Mar 27, 2019 | By Volker Ketteniss
Big data meets consumer insights. Experience WGSN.
Jun 24, 2015
Today might have been dominated by a certain Kim Kardashian West taking to the forum stage at the Cannes Lions International Festival of Creativity to talk about her highly successful gaming app, but in the main room there were other big speakers to hear largely discussing the idea of “social good”. Richard Curtis, Sir John Hegarty, Keith Weed and Kenneth Branagh were particular highlights.
1. Introducing Project Everyone and the Global Goals
Purpose, whether it’s about sustainability or something charitable, is always an underlying theme of Cannes Lions. It’s seen in the award winning work, and it’s seen on the seminar stage in terms of what has been achieved or is trying to be achieved. As an integral part of this theme this year, those taking to the podium have focused on calling upon the power of the audience and their own connections to help achieve greater goals. Jamie Oliver did it yesterday with his rally cry surrounding public health, and today there came a headline session with film director Richard Curtis and BBH’s Sir John Hegarty, introducing Project Everyone and the Global Goals.
These goals, said Curtis, are “mission possible”, and a “to do list for the planet”. They aim to end extreme poverty, fight inequalities and tackle climate change for everyone by 2030. And they’re launching in a big way – with the first ever global cinema campaign on September 25. It will feature members of the UN all agreeing to the goals, and encourage the audience to hold them accountable for making them happen. Hegarty said: “Advertising teaches us if you entertain people you get them to listen. Rather than this constant stream of negativity [the news brings], we want them to say wow, and get behind it.”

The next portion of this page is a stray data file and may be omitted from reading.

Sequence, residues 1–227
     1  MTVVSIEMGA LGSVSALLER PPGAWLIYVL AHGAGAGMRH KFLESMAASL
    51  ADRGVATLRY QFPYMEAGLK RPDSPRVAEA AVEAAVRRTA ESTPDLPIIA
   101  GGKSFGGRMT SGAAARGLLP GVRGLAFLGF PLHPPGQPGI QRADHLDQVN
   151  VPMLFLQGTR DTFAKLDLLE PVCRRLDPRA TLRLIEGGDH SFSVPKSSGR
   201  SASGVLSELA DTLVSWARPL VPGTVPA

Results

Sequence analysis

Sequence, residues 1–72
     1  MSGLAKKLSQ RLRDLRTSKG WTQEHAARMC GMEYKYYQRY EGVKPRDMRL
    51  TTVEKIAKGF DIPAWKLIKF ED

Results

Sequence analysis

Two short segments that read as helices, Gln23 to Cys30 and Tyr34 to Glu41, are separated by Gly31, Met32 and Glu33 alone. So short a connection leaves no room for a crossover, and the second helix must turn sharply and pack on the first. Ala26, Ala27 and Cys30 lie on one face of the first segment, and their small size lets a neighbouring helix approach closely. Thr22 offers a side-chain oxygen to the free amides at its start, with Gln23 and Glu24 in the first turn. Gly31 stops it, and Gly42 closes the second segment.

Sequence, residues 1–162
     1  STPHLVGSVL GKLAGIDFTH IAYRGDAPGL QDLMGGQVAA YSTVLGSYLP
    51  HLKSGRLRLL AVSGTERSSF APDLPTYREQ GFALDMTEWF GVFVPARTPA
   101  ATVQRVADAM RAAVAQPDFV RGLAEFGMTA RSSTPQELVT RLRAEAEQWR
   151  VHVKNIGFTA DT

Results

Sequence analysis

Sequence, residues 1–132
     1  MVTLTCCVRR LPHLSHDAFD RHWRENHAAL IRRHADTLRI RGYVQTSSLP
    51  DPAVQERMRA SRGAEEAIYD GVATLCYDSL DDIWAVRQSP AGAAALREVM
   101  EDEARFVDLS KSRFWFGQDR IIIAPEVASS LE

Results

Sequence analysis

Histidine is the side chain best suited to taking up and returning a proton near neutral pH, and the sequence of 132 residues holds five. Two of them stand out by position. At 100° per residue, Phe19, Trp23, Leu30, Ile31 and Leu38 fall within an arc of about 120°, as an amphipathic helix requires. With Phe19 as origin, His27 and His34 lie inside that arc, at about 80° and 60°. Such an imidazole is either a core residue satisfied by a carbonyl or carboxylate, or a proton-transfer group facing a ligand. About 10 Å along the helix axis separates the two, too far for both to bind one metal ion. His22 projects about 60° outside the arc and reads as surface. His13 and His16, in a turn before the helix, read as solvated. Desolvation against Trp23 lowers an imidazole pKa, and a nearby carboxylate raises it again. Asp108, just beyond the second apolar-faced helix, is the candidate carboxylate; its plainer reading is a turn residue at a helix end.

2. Connecting purpose with purchase
That message about purpose carried through to Keith Weed of Unilever’s talk this morning too. He said businesses can’t have one person trying to sell more stuff in one corner, and then someone else trying to save the planet in the other. By integrating the two, you can connect purpose with purchase, he explained. He did so by sharing the fact that last year brands built on purpose at Unilever accounted for half of the growth at the company. And they grew twice as fast as other brands. He similarly advocated for the industry to participate together. “Marketers and agencies need to step forward here,” he said. “No one business alone is going to make an impact. It’s something we need to do to together.”
3. Stick to your creative guns
Actor and director Kenneth Branagh focused on not losing faith in your creativity. This was a refreshing departure from the view on how to find and inspire new ideas in the first place, as so often dominates the Cannes stage. He said the challenge or danger of the world we live in is that a movie or TV company can react up until the last minute. So your piece of work might have taken years to create, gone through a significant marinating process, as Branagh called it, and suddenly in the last two weeks need radical change based on what reactions are seen via social media. “Sometimes this flexibility leads to great new ideas, but sometimes it means throwing the creativity baby out of the bath water,” he explained. He urged the audience to stick to their guns and believe in our creativity. He emphasised that going with a fear or panic-based decision, is often like choosing the enemy of creativity.
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